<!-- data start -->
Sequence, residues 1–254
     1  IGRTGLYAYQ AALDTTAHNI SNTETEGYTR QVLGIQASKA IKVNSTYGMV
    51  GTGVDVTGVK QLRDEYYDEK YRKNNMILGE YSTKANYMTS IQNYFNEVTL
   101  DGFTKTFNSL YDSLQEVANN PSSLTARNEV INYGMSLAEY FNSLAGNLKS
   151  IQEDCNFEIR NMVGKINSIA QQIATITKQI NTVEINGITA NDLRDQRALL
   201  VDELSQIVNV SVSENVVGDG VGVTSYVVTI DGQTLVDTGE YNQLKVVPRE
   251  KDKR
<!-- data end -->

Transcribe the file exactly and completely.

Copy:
Sequence, residues 1–254
     1  IGRTGLYAYQ AALDTTAHNI SNTETEGYTR QVLGIQASKA IKVNSTYGMV
    51  GTGVDVTGVK QLRDEYYDEK YRKNNMILGE YSTKANYMTS IQNYFNEVTL
   101  DGFTKTFNSL YDSLQEVANN PSSLTARNEV INYGMSLAEY FNSLAGNLKS
   151  IQEDCNFEIR NMVGKINSIA QQIATITKQI NTVEINGITA NDLRDQRALL
   201  VDELSQIVNV SVSENVVGDG VGVTSYVVTI DGQTLVDTGE YNQLKVVPRE
   251  KDKR